Jeff and Lisa Fremont are the complete antithesis of Mrs. Thorwald and Mr. Thorwald - the two important pairs in the film. In the former, the male is an invalid - he is confined, for most of the film, in one corner, due to an accident that leaves his left leg severely fractured. In the case of the latter, Mrs. Thorwald is the invalid - always sick and always nagging. Simultaneously, Rear Window plays on the theme of masculinity and femininity, and how each is both vulnerable and immune.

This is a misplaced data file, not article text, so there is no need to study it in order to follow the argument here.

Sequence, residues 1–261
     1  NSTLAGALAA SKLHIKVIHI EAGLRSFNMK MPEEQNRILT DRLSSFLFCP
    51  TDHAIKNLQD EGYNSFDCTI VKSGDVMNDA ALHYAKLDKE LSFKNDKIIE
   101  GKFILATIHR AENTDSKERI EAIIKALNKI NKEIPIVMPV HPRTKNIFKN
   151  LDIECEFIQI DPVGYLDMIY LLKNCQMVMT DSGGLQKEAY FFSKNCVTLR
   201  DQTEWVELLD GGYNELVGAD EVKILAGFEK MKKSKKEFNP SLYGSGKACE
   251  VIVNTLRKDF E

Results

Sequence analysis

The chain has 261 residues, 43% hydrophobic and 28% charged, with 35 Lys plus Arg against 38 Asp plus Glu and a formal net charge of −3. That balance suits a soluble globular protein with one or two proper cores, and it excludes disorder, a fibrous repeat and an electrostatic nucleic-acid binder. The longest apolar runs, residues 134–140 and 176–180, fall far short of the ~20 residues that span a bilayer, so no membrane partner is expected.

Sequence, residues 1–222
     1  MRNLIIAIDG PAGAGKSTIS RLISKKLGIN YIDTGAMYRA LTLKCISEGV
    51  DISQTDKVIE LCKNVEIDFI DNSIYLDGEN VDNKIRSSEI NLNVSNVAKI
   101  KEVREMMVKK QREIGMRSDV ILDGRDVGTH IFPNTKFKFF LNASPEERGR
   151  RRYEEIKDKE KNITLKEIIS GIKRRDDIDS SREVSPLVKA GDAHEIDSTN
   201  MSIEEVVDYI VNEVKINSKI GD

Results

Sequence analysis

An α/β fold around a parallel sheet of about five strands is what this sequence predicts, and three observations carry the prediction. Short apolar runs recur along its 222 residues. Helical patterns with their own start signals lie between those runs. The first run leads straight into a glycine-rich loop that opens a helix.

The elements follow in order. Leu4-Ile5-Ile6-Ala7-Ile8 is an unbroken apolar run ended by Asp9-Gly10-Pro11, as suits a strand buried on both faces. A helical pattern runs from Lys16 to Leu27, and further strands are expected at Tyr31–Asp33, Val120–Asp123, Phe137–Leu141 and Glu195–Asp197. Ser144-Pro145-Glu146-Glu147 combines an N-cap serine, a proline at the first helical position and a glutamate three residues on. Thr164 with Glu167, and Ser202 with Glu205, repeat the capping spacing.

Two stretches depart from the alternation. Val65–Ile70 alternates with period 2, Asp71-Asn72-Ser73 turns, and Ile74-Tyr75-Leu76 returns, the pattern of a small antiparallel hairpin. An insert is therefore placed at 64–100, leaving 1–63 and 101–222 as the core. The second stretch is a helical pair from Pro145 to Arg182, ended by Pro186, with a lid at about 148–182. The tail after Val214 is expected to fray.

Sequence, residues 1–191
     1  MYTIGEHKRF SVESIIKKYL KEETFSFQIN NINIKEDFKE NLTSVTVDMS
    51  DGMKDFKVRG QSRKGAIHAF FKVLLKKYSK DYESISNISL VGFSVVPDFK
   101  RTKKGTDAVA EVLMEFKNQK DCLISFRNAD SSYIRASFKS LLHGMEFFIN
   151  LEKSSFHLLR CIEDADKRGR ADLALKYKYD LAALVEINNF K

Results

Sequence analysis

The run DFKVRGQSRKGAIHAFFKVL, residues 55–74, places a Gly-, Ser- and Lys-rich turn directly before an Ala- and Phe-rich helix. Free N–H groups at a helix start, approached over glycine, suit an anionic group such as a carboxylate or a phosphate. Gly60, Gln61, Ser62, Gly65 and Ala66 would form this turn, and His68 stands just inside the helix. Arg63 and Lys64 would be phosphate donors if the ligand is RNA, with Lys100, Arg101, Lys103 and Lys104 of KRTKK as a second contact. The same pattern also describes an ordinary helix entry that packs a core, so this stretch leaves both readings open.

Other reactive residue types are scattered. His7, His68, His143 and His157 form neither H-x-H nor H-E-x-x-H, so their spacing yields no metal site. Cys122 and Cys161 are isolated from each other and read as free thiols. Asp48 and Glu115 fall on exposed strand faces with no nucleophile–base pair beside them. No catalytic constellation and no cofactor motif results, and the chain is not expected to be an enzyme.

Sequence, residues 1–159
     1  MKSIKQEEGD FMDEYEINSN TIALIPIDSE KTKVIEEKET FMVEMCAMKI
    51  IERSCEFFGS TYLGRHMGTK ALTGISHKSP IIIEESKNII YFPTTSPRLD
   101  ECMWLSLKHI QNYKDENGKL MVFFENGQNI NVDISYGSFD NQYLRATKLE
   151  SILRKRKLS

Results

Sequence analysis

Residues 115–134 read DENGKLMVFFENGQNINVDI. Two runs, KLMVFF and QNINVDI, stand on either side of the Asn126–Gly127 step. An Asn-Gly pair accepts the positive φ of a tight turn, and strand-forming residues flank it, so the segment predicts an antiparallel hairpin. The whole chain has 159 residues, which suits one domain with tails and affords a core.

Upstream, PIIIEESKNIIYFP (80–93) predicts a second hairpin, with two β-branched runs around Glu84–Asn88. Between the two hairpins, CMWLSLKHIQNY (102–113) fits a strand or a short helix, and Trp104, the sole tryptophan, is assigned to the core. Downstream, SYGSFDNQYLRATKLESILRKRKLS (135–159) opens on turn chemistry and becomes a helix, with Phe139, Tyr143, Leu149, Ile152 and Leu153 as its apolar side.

All the windows, apart from Jeff's own, represent the screen in which you're watching the film in, be that the TV screen, your iPad, your Samsung Galaxy. As you see none of the characters interact with Jeff, and, almost consciously, never seem to gaze in his direction. It's as if Jeff's not there, just as you are not there. I mean, movie characters don't interact with the audience, do they? Jeff's obsession with his neighbors - "characters" - and his increasing distance with Lisa - "audience" - is pointed out several times in the film. It is not only when Lisa goes into the Thorwald residence does she receive care and love from Jeff, because as far as the movie is concerned, Lisa becomes a character, an object to care about. Till then she was only an embodiment of a female persona. Once she enters the window, she literally jumps into a "movie" - a metaphor - and this triggers a reaction from Jeff. When Lisa points out the late Mrs. Thorwald's ring to Jeff - who had spying, as before, with his camera lens - Mr. Thorwald, who was standing next to her, looks up and gazes at Jeff and realizes that someone had been watching him the whole time. When he looks up, he is searchingly, and almost cruelly, looking at us. He kinda breaks the fourth wall by hinting at our inhuman desire to see the murdered wife, so see our morbid wish come true. He cannot believe that, and he personifies the stunned face of the film.